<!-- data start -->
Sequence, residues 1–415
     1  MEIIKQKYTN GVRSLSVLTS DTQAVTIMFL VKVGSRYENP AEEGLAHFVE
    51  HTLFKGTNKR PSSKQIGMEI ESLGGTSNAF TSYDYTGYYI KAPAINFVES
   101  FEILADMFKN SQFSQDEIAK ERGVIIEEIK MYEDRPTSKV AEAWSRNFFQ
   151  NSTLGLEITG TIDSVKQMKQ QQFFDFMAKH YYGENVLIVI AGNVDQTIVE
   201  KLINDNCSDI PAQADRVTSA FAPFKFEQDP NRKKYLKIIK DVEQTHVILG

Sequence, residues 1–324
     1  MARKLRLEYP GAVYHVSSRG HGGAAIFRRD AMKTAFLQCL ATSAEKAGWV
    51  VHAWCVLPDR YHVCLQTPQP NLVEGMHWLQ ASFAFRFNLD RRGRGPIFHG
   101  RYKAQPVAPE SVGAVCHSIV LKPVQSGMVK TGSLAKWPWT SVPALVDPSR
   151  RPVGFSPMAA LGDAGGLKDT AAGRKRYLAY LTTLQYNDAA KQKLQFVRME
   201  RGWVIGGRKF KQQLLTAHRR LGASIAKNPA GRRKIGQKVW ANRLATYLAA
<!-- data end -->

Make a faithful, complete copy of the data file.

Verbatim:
Sequence, residues 1–415
     1  MEIIKQKYTN GVRSLSVLTS DTQAVTIMFL VKVGSRYENP AEEGLAHFVE
    51  HTLFKGTNKR PSSKQIGMEI ESLGGTSNAF TSYDYTGYYI KAPAINFVES
   101  FEILADMFKN SQFSQDEIAK ERGVIIEEIK MYEDRPTSKV AEAWSRNFFQ
   151  NSTLGLEITG TIDSVKQMKQ QQFFDFMAKH YYGENVLIVI AGNVDQTIVE
   201  KLINDNCSDI PAQADRVTSA FAPFKFEQDP NRKKYLKIIK DVEQTHVILG

Sequence, residues 1–324
     1  MARKLRLEYP GAVYHVSSRG HGGAAIFRRD AMKTAFLQCL ATSAEKAGWV
    51  VHAWCVLPDR YHVCLQTPQP NLVEGMHWLQ ASFAFRFNLD RRGRGPIFHG
   101  RYKAQPVAPE SVGAVCHSIV LKPVQSGMVK TGSLAKWPWT SVPALVDPSR
   151  RPVGFSPMAA LGDAGGLKDT AAGRKRYLAY LTTLQYNDAA KQKLQFVRME
   201  RGWVIGGRKF KQQLLTAHRR LGASIAKNPA GRRKIGQKVW ANRLATYLAA